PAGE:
There's a minefield of misconceptions on death and mourning. As a traditionally taboo subject, these can be ingrained deeper than most. With conversations around grief often avoided, and chances to challenge and debunk the myths few and far between in day to day conversations.
It makes sense. Grief is a sensitive topic. And it can feel inappropriate or insensitive to start citing science or your better know-how in the face of someone's individual experience and consequent beliefs surrounding different funeral practices. It can also be difficult not to be swayed in your decisions by the personal beliefs of others.
Today, we offer a neutral ground to answer your questions on whether cremations really do impact the grieving process any differently to a traditional funeral. Covering:
The psychology of why funeral practises are important
What are the common concerns over cremations?
A review of the evidence
Making the right choice for you
Let’s dive straight in.
Why are funerals important to the grieving process?
There's extensive research and centuries of history backing the importance of funerals on aiding our grieving process. Experts in the field have noted how despite individual differences in experiencing grief the ability to come together during this time has benefits for us all, including:
Sense of ritual
Recognition of the deceased
In this way, funerals offer a chance to accept the reality of a death and validate your grief. To reinforce social ties and lean on your social safety net, just when you need it the most. To be vulnerable, to connect and to help your nearest and dearest through the shared loss experience. It's interesting to think that despite vast differences in specific funeral rituals, this central concept of collective gathering and bonding remains a constant.
Despite this, there's often much scepticism over any unfamiliarity when it comes to funeral practises. To most Australians, the concept of digging up the dead to dance and redress the body seems morbid. But to the Malagasy people of Madagascar, this is the done thing when it comes to their traditional funeral rituals and death beliefs.
What can help one society heal, sounds traumatic, (and even illegal), to another. The same goes for variation within Australia, with some seeking comfort in a physical burial site and others scattered ashes in the wind. Before looking at the concrete evidence, we look at why some people are reluctant to embrace cremation, and the negative beliefs which sometimes surround this funeral practice.
Common concerns about cremations
Whilst everyone grieves and finds comfort in different rituals, some may be closed off to cremations because of fears or misconceptions. This can be especially true for direct, very basic, cremations- where guilt can also come into play over questioning whether this more affordable option might provide less comfort to loved ones.
Lets outline these common cremation concerns below:
Lack of physical place to visit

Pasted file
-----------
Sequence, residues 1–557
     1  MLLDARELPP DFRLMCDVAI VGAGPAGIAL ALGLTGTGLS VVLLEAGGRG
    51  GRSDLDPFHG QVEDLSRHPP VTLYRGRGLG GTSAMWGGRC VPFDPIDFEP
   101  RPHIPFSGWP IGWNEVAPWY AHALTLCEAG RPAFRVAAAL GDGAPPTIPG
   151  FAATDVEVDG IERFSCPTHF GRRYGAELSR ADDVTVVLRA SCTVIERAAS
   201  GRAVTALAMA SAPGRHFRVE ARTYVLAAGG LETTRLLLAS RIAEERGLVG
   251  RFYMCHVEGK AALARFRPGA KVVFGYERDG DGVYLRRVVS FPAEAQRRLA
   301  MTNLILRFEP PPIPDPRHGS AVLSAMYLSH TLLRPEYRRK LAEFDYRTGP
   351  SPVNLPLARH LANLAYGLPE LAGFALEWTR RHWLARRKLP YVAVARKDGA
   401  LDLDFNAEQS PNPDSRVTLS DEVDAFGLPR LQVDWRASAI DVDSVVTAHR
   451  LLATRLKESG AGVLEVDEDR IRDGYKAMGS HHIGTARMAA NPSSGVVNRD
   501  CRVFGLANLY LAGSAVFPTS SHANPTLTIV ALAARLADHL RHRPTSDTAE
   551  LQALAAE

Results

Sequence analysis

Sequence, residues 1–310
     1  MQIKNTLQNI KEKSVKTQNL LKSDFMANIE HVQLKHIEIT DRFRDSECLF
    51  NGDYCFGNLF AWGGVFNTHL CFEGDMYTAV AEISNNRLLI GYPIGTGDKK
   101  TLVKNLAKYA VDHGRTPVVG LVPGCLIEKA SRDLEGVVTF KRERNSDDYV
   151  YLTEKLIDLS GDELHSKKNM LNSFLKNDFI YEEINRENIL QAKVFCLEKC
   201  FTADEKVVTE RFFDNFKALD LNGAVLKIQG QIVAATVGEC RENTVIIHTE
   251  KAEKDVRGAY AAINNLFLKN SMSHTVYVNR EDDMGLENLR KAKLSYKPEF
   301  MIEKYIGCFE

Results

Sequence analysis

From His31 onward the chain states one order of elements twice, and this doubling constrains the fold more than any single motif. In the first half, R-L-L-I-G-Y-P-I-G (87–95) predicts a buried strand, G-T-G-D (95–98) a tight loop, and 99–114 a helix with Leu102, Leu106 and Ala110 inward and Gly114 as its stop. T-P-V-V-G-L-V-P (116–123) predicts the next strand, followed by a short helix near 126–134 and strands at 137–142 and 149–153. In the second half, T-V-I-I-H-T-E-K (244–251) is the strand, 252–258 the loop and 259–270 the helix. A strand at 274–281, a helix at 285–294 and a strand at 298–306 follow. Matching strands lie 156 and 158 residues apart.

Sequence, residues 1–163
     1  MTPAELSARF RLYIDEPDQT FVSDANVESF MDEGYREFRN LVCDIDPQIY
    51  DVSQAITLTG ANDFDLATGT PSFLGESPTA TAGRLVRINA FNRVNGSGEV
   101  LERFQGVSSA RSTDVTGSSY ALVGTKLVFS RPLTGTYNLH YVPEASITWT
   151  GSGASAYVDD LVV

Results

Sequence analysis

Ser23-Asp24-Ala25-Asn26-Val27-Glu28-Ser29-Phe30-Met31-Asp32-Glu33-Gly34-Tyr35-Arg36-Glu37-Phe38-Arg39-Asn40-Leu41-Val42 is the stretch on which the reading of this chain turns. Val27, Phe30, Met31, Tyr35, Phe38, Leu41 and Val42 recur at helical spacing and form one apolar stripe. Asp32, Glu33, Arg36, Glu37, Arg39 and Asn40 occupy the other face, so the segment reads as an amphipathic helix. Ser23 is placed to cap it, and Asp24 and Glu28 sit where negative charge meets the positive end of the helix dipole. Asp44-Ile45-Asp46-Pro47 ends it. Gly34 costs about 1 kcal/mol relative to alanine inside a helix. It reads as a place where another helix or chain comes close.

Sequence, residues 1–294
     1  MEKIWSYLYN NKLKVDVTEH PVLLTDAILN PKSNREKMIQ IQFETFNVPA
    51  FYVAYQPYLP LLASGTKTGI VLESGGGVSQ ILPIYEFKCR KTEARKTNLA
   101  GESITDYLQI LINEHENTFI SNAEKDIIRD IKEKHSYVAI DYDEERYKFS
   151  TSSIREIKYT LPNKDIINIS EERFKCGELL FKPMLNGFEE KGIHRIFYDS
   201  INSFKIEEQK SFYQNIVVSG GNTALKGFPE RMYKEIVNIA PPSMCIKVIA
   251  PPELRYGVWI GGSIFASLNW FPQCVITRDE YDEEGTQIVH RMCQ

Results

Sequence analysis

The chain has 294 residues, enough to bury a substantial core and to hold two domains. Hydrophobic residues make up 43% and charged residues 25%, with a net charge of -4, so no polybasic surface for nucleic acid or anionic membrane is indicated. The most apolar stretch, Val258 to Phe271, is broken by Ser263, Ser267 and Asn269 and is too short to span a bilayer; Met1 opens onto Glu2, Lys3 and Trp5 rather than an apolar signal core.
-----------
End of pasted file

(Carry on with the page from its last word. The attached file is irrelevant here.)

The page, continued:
Idea of body being ‘alone’ vs with spouse in burial site
Concern ashes are mixed with other peoples
Feeling squeamish about handling container of ashes
Viewed as ‘hasty’ or ‘less dignified & respectful’ than traditional burial
Provides no closure
Prolongs grieving process & ability to mourn
It’s important to reiterate that grief and loss are unique experiences which affect no two people the same. Intuitively knowing that cremation won’t sit well with you or what you need to grieve is completely valid.
However, it's also important to note that ashes are never mixed and the cremation process is handled by respectful professionals. With this settled, the idea of having ashes spread in your loved ones favourite place, or put into an urn or jewellery to feel closer to them every day, might bring immense comfort to you. If this is the case, it's important to address any other cremation concerns which might create a barrier to this choice.
Read on to uncover the evidence on whether cremations undermine closure or the grief process. Offering you an evidence-based understanding to inform and align your ultimate choice with your beliefs.
The evidence on whether cremations undermine grief
Psychologist John Birrel and his colleagues aimed to test whether more minimal ceremonial cremations had a negative association with grief over time. They followed participants who had experienced a loss and matched their grief survey responses over time with the type of funeral they attended.
Results revealed that the difficulty, the length or the ability to cope with grief was not influenced by the type of funeral. Those who attended a highly elaborate and expensive burial were not ‘more healed’ from grief than those who attended a basic cremation. Same went for the richer or higher educated. Meaning more money or more intellect provided equally inconsequential impacts on the grief process.
Crucially, there was no evidence that a cremation hindered the grief process in any way. This held true for direct- aka no frills, very basic and affordable- cremations as well. Rather than ceremony specifics or the size of the sympathy bouquets, only factors relating to the specific nature of the death and the mourning individual were found to impact the grieving process.
This included whether death was expected or not, whether there was a solid emotional support network, and the presence of a farewell ritual. With this in mind, we conclude with our take-away that grief is:
B) Sadly unavoidable, and
C) Aided by the ritual of a funeral, not the specifics of these practices.
Making the right choice for you
Whether you want to plan a traditional or direct cremation, a burial or just get your end-of-life wishes secured with a will, Safewill can help. We offer expert legal advice at an affordable price, and flexible time to fit around you. Call us today to discuss your options further, on 1800 103 310 , or live chat now.